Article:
The greatest documented activity around the Raleigh entrenchments is actually that of Union forces who camped all around the city after it was surrendered and while Johnston and Sherman were negotiating the surrender of Johnston's army. If you look at the living history interpreters who were on hand at Dix Park, you'll see they are wearing the red star of the 1st Division. It was the 20th Corps under Mower who camped around the Dorothea Dix property.

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Roy B.
Thank you sir. Good information. I really don't know a lot about the action in NC during the war. I still have a lot of reading to do.
 

A. Roy

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You mentioned archaeological studies. I would assume that also means relic hunting along where the entrenchment lines are believed to have been. Someone may have done that already.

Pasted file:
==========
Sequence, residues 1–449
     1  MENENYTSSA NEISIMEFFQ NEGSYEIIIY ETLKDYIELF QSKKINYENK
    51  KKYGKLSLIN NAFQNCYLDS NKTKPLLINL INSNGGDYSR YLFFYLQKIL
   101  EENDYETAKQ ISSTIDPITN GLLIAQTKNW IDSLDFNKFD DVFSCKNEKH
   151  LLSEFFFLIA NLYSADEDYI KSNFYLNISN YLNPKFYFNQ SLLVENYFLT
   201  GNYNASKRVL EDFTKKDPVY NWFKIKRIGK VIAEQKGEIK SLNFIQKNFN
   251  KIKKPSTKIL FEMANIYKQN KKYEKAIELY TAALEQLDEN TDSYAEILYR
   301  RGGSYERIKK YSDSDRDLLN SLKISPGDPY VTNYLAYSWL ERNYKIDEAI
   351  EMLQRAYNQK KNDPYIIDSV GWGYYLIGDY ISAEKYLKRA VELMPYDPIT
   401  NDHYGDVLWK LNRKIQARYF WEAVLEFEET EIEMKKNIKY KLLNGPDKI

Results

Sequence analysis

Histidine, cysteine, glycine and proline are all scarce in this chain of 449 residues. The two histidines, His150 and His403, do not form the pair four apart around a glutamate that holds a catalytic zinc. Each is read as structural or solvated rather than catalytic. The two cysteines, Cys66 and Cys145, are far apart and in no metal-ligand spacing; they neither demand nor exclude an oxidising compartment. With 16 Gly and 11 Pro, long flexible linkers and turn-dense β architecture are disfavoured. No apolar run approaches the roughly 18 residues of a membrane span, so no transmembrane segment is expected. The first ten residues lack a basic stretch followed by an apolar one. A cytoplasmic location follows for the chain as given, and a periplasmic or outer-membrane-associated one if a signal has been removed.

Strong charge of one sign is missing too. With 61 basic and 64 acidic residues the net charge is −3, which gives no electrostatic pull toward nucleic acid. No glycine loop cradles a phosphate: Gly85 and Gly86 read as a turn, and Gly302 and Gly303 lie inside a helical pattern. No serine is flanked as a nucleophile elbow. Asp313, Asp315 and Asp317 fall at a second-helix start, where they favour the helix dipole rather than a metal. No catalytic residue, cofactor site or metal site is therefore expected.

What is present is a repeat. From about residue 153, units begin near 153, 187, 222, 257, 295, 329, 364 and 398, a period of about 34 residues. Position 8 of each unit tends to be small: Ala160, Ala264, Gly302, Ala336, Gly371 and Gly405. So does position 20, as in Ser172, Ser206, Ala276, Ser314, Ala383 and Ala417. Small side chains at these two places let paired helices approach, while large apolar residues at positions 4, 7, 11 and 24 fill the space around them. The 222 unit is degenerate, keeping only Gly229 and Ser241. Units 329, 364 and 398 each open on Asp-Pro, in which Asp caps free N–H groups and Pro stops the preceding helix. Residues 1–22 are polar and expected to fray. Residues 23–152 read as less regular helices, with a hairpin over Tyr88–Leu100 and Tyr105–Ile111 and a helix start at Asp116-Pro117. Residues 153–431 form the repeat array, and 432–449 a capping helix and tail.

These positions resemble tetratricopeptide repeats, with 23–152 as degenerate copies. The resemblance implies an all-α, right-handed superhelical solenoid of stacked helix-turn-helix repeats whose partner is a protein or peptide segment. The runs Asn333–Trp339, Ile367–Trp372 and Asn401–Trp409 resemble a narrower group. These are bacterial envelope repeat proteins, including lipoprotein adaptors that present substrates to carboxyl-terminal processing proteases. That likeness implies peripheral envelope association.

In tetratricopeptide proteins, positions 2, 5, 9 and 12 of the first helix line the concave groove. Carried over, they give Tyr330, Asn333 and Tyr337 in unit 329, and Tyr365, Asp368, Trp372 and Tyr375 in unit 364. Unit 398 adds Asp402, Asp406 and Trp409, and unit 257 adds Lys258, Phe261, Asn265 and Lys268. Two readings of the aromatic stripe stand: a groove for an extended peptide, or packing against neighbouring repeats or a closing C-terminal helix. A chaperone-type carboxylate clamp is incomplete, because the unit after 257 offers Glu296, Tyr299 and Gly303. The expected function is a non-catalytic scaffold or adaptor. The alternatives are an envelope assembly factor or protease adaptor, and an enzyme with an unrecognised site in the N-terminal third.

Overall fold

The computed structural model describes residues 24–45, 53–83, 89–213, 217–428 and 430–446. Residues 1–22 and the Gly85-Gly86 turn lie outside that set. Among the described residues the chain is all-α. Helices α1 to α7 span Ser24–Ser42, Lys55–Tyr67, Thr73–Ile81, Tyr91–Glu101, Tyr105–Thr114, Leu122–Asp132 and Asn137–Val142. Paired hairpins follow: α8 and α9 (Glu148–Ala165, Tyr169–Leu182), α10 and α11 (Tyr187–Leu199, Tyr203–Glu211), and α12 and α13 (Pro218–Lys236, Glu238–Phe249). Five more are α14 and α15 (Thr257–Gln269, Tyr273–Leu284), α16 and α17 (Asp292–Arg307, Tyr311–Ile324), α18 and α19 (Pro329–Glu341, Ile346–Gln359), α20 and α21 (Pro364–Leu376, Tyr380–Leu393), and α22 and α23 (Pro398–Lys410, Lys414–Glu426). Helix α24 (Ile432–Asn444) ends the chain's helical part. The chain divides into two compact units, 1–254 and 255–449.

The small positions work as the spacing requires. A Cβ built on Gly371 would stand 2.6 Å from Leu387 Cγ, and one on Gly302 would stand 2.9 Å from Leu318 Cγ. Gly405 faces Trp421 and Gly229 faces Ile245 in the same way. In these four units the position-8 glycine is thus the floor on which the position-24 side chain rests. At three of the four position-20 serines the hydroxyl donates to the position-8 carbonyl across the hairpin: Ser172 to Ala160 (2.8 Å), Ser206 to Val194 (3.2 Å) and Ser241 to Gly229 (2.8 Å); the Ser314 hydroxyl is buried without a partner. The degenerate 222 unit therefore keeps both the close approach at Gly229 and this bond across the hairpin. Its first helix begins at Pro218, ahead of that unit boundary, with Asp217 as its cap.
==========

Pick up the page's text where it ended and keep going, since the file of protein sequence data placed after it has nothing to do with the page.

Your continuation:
I realized you had also asked this question about recovering artifacts. It's a complicated question in a way, because these entrenchments consisted of a rough circle of about eight miles. Today that line of fortifications runs across a great variety of properties, some in private hands, some public, some non-profit; some commercial, some industrial; some single-family neighborhoods, some multi-family; some of the locations have been completely razed and built-over. I've been told that the state of NC used to allow relic hunters on the Dorothea Dix property, so I imagine that many artifacts within the range of metal detectors have already been extracted at that location. However, other locations along the eight-mile perimeter have been less-known until very recently, so there is maybe a greater potential for recovering historic remains in some locations than in others.


Roy B.